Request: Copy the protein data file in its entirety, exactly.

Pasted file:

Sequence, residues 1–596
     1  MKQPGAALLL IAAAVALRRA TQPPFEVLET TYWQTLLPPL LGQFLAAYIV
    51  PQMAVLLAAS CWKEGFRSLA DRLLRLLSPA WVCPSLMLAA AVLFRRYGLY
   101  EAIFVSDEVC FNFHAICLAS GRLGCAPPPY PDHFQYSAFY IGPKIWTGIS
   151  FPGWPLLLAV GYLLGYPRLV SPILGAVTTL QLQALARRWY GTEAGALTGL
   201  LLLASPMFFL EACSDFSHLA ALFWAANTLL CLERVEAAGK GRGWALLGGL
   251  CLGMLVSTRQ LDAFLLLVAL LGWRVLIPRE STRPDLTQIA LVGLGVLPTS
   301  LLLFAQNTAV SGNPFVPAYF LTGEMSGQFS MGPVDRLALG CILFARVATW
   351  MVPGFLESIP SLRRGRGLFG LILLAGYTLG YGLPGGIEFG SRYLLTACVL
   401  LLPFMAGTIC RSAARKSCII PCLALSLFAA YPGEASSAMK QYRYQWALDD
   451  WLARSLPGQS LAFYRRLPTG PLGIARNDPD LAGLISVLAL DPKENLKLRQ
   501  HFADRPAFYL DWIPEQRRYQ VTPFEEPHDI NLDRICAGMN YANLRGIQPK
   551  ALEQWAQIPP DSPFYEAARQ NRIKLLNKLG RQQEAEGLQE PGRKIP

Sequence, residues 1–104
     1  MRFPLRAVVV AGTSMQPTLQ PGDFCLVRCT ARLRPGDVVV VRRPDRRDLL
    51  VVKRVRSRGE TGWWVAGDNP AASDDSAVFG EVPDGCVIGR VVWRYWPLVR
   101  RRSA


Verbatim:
Sequence, residues 1–596
     1  MKQPGAALLL IAAAVALRRA TQPPFEVLET TYWQTLLPPL LGQFLAAYIV
    51  PQMAVLLAAS CWKEGFRSLA DRLLRLLSPA WVCPSLMLAA AVLFRRYGLY
   101  EAIFVSDEVC FNFHAICLAS GRLGCAPPPY PDHFQYSAFY IGPKIWTGIS
   151  FPGWPLLLAV GYLLGYPRLV SPILGAVTTL QLQALARRWY GTEAGALTGL
   201  LLLASPMFFL EACSDFSHLA ALFWAANTLL CLERVEAAGK GRGWALLGGL
   251  CLGMLVSTRQ LDAFLLLVAL LGWRVLIPRE STRPDLTQIA LVGLGVLPTS
   301  LLLFAQNTAV SGNPFVPAYF LTGEMSGQFS MGPVDRLALG CILFARVATW
   351  MVPGFLESIP SLRRGRGLFG LILLAGYTLG YGLPGGIEFG SRYLLTACVL
   401  LLPFMAGTIC RSAARKSCII PCLALSLFAA YPGEASSAMK QYRYQWALDD
   451  WLARSLPGQS LAFYRRLPTG PLGIARNDPD LAGLISVLAL DPKENLKLRQ
   501  HFADRPAFYL DWIPEQRRYQ VTPFEEPHDI NLDRICAGMN YANLRGIQPK
   551  ALEQWAQIPP DSPFYEAARQ NRIKLLNKLG RQQEAEGLQE PGRKIP

Sequence, residues 1–104
     1  MRFPLRAVVV AGTSMQPTLQ PGDFCLVRCT ARLRPGDVVV VRRPDRRDLL
    51  VVKRVRSRGE TGWWVAGDNP AASDDSAVFG EVPDGCVIGR VVWRYWPLVR
   101  RRSA